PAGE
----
Abstract 11578: Impact of the Contrast-Induced Nephropathy Definition on Long-term Outcome in Patients With Acute Myocardial Infarction Undergoing Primary Percutaneous Coronary Intervention
Introduction: Contrast-induced nephropathy (CIN) has been shown to be associated with adverse outcomes after primary percutaneous coronary intervention (PCI) for acute myocardial infarction (AMI). Although several CIN definitions have been used, there is no consensus on the optimal definition of CIN. Hypothesis: Long-term mortality and major adverse cardiac and cerebrovascular event (MACCE) may differ depending on the CIN definition used in patients with AMI undergoing primary PCI.
Methods: We measured serum creatinine on admission and for the following 3 days in 583 patients (age 64 ± 12 years, male 79%) with AMI undergoing PCI within 12 h after symptom onset. CIN was defined as serum creatinine increase >0.5 mg/dl, serum creatinine increase >25%, or estimated glomerular filtration rate (eGFR) decrease >25%.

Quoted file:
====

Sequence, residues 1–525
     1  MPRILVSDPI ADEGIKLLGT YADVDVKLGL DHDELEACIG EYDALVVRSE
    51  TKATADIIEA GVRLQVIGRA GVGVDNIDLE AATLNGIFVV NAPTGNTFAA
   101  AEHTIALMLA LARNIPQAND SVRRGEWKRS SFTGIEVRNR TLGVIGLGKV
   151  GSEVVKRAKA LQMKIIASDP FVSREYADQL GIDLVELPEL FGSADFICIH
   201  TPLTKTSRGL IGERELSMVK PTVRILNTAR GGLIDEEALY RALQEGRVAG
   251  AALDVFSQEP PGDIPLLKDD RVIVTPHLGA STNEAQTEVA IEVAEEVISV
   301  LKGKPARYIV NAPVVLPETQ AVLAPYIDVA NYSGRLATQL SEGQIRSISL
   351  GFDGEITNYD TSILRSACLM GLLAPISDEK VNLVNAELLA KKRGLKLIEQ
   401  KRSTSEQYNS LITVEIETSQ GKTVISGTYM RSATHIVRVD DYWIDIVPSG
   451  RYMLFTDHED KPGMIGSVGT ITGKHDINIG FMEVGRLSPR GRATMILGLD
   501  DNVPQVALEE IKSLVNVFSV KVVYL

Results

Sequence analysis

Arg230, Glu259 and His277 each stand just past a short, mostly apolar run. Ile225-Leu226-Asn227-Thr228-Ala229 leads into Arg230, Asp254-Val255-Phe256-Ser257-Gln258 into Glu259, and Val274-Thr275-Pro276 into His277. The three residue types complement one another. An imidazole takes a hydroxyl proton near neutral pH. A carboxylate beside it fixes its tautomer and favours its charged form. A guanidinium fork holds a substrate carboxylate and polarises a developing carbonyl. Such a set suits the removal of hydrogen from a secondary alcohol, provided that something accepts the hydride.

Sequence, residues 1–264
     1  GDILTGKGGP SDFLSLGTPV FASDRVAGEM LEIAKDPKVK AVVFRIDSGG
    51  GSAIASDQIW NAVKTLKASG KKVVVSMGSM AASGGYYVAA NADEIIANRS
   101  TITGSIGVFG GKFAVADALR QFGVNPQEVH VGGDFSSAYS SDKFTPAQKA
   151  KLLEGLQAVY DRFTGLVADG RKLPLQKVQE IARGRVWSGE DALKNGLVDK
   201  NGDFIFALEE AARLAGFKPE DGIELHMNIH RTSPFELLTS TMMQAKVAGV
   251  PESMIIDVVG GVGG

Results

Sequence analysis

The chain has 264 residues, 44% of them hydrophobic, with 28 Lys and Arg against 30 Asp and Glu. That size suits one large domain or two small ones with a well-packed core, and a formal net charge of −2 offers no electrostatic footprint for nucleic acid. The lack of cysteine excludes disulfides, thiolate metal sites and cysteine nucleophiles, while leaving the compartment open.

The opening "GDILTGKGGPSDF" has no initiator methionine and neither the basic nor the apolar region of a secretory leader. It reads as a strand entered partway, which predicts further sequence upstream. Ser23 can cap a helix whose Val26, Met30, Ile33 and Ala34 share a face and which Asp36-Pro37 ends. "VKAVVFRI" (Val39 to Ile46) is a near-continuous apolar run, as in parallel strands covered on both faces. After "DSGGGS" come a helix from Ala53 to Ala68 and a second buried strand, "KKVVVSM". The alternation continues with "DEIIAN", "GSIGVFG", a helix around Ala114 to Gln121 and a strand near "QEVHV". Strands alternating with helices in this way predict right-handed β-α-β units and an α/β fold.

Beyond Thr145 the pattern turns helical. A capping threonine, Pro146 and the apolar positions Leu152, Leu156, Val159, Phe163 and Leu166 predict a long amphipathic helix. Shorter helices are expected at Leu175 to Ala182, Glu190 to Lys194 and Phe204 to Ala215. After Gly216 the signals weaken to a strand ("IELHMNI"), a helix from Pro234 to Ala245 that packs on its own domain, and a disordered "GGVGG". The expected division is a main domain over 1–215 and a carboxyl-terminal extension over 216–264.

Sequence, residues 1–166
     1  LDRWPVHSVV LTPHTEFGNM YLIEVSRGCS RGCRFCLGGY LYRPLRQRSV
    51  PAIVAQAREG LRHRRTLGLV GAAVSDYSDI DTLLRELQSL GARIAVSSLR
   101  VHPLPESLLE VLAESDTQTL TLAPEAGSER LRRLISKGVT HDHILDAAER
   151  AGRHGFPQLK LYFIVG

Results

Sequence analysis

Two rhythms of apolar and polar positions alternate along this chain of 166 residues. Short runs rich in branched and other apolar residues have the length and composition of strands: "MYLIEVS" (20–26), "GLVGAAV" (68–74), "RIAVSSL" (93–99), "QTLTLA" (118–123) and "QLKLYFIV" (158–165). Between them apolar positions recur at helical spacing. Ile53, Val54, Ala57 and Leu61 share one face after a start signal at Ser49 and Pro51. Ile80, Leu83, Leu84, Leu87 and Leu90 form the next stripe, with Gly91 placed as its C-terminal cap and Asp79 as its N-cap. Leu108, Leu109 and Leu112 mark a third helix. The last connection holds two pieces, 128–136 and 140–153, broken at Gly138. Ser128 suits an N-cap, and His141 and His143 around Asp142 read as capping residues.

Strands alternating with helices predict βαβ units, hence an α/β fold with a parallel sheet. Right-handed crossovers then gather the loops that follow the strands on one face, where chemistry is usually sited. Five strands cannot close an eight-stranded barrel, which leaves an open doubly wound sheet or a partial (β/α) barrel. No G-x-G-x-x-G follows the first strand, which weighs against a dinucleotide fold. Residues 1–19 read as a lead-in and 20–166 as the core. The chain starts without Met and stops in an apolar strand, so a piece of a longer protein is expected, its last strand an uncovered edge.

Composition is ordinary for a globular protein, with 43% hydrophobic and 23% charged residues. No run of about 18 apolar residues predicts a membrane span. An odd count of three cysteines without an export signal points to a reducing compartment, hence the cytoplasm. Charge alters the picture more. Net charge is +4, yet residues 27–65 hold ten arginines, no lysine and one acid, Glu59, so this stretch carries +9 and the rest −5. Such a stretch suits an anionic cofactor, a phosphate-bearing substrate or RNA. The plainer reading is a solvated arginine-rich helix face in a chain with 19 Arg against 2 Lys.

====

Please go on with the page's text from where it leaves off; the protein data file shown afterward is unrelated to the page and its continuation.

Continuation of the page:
Results: The mean volume of contrast medium was 167 ± 53 ml. The incidence of CIN widely ranged depending on the definition used; 7.8% (serum creatinine increase ≥0.5 mg/dl), 37.0% (serum creatinine increase ≥ 25%), and 29.5% (eGFR decrease ≥ 25%). CIN defined as serum creatinine increase ≥0.5 mg/dl was significantly associated with 5-year mortality and MACCE (all-cause death, non-fatal myocardial infarction, or stroke) in univariate and multivariate analysis, but CIN by the other 2 definitions was not. (Table)
Conclusions: In patients with AMI undergoing primary PCI, among the 3 contemporary definitions of CIN, only serum creatinine increase ≥0.5 mg/dl strongly predicts 5-year adverse outcomes, suggesting the prognostic importance of this definition.
- © 2012 by American Heart Association, Inc.